‘One of the things that has most impressed me about RCA students is their enthusiasm for tackling some of society’s most difficult challenges, working with and for underrepresented and marginalised groups. Below is a collection of some of the most exciting work from RCA2020.’
We asked Colum Lowe, the Director of our new Research Centre – the Design Age Institute – to take a look around RCA2020 and share a selection of graduate work that resonated with his ambitions for the Centre.
Read on to see which RCA2020 projects Colum has highlighted.
‘Design can create disability, it is our responsibility to change that.’ Ellen’s capsule collection Marian was designed with and for her grandmother, Marian Fowles. As Ellen notes, despite the ‘excess of 'product' in the world… the needs of our ageing population and disabled people are broadly ignored.’ Through ethnographic research methods and cross-generational workshops involving the wearer and those they frequently interact with in the design process, Ellen has produced a collection of garments that seek to grant her grandmother the freedom to live as she wishes, rather than constrained by her clothing.
Ricky uses design orientated solutions to solve 'real-world' problems. Her final project Febri-Sol, was created as a simple solution to help patients manage their medication. FebriSol is a sticker that, when added to antiretroviral (ARV) packaging, nudges patients into remembering to take their daily medication. When a patient takes their pills, they then scratch off the day’s metallic coating. This action reveals a tick, enabling patients to see at a glance whether they have taken their medication on any given day while also providing positive reinforcement.
To help seniors tackle social isolation, Radhika and Fanghui have designed an age inclusive co-sharing platform. Nurtur aims to promote intergenerational engagement in the local community by bringing older and younger people together. Nurtur comprises four touchpoints: posters for public awareness, a Nurtur Pack for seniors, a Street Fair and the Nurtur App. The Nurtur App aims to help residents easily explore their neighbourhoods and connect with the right people and places, by looking for people with similar interests or guidance from a neighbourhood expert. These shared interests are used, not only as a way to bring people together, but serve as a space to support co-learning in a friendly and informal environment where knowledge and experience can be shared to create a value exchange between different generations.
Yi’s final project Upright is a lightweight, wearable system for patients with lower back pain to track and correct their sitting posture. By combining science, engineering, fashion design and fine art, and using physical properties of optical fibre sensors (OFS) and body-mapped geometric construction, Yi has developed textile wearables for enhanced user experience.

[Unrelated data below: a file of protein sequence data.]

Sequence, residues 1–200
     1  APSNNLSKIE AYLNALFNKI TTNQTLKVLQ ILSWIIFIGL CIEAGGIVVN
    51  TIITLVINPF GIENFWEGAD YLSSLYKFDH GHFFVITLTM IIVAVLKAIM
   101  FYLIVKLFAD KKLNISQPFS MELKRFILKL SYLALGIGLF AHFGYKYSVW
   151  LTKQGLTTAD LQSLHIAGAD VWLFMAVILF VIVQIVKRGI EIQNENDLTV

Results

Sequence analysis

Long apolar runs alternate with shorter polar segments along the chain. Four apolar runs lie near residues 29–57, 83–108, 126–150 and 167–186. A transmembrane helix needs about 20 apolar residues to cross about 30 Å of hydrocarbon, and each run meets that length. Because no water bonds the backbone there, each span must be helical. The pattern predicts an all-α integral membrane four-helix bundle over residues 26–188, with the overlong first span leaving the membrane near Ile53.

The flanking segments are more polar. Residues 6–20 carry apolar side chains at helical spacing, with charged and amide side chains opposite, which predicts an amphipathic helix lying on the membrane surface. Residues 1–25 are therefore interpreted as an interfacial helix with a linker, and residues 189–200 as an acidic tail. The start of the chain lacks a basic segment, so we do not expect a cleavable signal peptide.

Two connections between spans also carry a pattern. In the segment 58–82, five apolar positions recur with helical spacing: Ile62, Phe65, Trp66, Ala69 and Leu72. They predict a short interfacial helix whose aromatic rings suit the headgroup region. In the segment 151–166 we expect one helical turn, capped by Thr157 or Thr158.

The Unmentioned is an immersive AR experience that aims to help educate caregivers and the general public about the problems faced by people suffering from Alzheimer’s Disease.
Wenwen’s AR landscape provides participants with the chance to experience the difficulties and anxieties of an Alzheimer’s patient in everyday life. Users take the place of an old man living with Alzheimer’s disease and are forced to experience a range of symptoms caused by the disease, such as perception failure and visual distortions. This experience aims to improve our empathy and understanding of those suffering with Alzheimer’s so that we are better equipped to care for them.
FAMILIA is a collection of objects aiming to restore dignity to seniors. Sarah Willemart’s designs appear as everyday objects that also provide subtle functionalities responding to elderly challenges, such as memory loss and health issues to vision damage and isolation. The FAMILIA collection consists of three objects: a cuckoo clock that behaves as a pill dispenser, a table lamp that once grabbed becomes a luminous magnifying glass and a connected mirror displaying pictures of our loved ones.
Disabilities account for roughly 38 percent of the world and have become an increasingly overlooked demographic group in mobility design. Vidyut has designed Silverback, a vehicle that provides a thrill seeking experience and allows the user to be empowered to be independent.
Alberto’s final project proposes a return to the Arcadian archetype, where community, sustainability, and simplicity are the assets for a prosperous living. The United Generations proposes a vision to create a thriving community of all ages that celebrates the advantages of shared resources. It is a domestic and public scheme where the residents and the community are engaged through activities and events that combine social, economic, and cultural values contributing to the wellness and the reconnection of old and new generations.
Constanza Valderrama is a Chilean artist who explores the material properties with which photographic images intertwine, a process that she refers to as ‘photographic incarnations’.
Constanza’s choice of materials – post-it notes and natural linen – to create large-format portraits of her deceased grandmother, serve as both reminders of the fragility of memory and respond to the violent erasure of memory caused by Alzheimer’s Disease.
The Sound of Memory, is an animation by Ruo Hsin Wu that explores issues around dementia based on her own childhood memories. It aims to re-examine meanings of time, perception, and relationships with physical surroundings for those who suffer with dementia by weaving fragments of memory and poetic observations of everyday details with research into dementia and Alzheimer’s Disease. Head to RCA2020 to see more from our graduates.